If marijuana legalization is going to take hold in the United States like alcohol and tobacco, then it must be represented in Washington the same as other inebriation industries have done for decades. The cannabis industry seems to finally get this concept, and it is now in a position to be taken seriously on Capitol Hill rather than be the butt of constant jokes and jabs. The seriousness of this issue can be only more solidified now that one of their own is on the other side of the table.
Former House Speaker John Boehner, who joined the board of a medical marijuana company last year called Acreage Holdings, has been named the honorary chairman for the new pot lobby group the National Cannabis Roundtable (NCR). This organization, which is said to be heavily funded by the cannabis industry, is on a mission to legalize marijuana for veterans and further research on the herb that prevents it from being recognized as a legitimate medicine under the parlance U.S. standards.
“The states have led on this,” Boehner told reporters on Friday. “The federal government is lagging behind.”
Although more than half the nation has legalized marijuana for medicinal purposes, the U.S. government still considers it a Schedule I narcotic. This makes it difficult for scientific minds to dig deeper into the therapeutic possibilities of the substance, and allows it to touted as a cure for severe conditions, like cancer, without substantiated evidence. Still, there is a body of anecdotal evidence out there that suggests the herb could be beneficial in the treatment of a variety of conditions. But without extensive research, the truth of its effectiveness may never be revealed.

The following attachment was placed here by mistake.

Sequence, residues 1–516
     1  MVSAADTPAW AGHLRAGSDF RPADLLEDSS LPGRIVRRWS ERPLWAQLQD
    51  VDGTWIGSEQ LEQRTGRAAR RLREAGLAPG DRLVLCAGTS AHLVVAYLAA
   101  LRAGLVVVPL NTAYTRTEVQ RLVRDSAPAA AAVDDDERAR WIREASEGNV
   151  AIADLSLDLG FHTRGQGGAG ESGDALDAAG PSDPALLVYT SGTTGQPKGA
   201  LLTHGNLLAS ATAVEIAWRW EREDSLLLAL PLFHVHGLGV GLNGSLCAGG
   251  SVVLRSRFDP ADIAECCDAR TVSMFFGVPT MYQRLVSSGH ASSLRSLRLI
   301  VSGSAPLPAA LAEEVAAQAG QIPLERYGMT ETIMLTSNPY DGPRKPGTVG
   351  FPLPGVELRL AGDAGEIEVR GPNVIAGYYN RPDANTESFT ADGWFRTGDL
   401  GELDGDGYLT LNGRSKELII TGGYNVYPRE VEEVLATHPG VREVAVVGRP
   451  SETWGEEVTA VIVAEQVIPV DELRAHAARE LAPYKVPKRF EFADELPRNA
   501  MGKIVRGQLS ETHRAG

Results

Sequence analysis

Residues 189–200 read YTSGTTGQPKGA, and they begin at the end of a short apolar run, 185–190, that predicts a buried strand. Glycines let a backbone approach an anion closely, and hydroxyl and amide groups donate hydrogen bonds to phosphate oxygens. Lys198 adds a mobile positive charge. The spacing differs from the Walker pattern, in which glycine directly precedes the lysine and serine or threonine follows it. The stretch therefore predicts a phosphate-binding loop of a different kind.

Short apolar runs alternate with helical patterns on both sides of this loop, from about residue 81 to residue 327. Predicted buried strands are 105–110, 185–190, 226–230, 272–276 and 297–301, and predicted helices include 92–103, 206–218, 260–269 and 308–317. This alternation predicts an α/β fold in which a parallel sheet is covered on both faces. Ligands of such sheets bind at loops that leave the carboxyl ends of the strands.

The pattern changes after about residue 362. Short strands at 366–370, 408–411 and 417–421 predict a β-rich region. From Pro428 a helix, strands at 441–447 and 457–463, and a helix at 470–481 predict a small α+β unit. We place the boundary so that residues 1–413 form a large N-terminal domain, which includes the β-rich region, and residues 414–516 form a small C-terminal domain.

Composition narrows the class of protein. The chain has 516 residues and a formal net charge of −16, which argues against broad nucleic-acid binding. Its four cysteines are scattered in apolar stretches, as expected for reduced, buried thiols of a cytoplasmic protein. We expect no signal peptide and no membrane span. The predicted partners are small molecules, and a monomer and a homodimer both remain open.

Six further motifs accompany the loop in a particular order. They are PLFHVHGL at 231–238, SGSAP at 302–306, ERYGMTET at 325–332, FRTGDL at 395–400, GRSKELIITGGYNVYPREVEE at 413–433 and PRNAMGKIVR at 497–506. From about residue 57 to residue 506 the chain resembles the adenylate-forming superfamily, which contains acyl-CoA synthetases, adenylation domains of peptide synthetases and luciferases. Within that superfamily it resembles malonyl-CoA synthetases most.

Boehner, whose company Acreage Holdings produced the medical marijuana ad that was rejected for Super Bowl LIII, admits that he will not be a registered lobbyist for the organization but he will provide guidance for the NCR team.
Interestingly, the former House Speaker spent his entire political career opposing marijuana reform. It wasn’t until recently that he said his “thinking on cannabis has evolved.”
In additional to fighting for medical marijuana, the NCR will also work to further the ability for banks to do business with marijuana businesses and for states to have the right to legalize the leaf without federal interference.
“As the cannabis industry grows and matures, it’s vital that we work together for a common-sense legal framework for cannabis policy,” Boehner said in a press release.
The National Cannabis Roundtable is not the only cannabis lobby group working to change the minds of Congress.
Earlier this month, the Cannabis Trade Federation revealed the addition of 15 lobbyists in Washington pushing to get more lawmakers behind the Strengthening the Tenth Amendment Through Entrusting States (STATES) Act. The goal is this organization is to take pot reform to the next level the most straightforward way it can by getting lawmakers on board with a bill that President Trump has indicated he would sign.
It remains uncertain whether these two lobby groups will work together in any capacity to further likeminded agendas, or whether they will do as the cannabis movement has done for decades and get in each other’s way.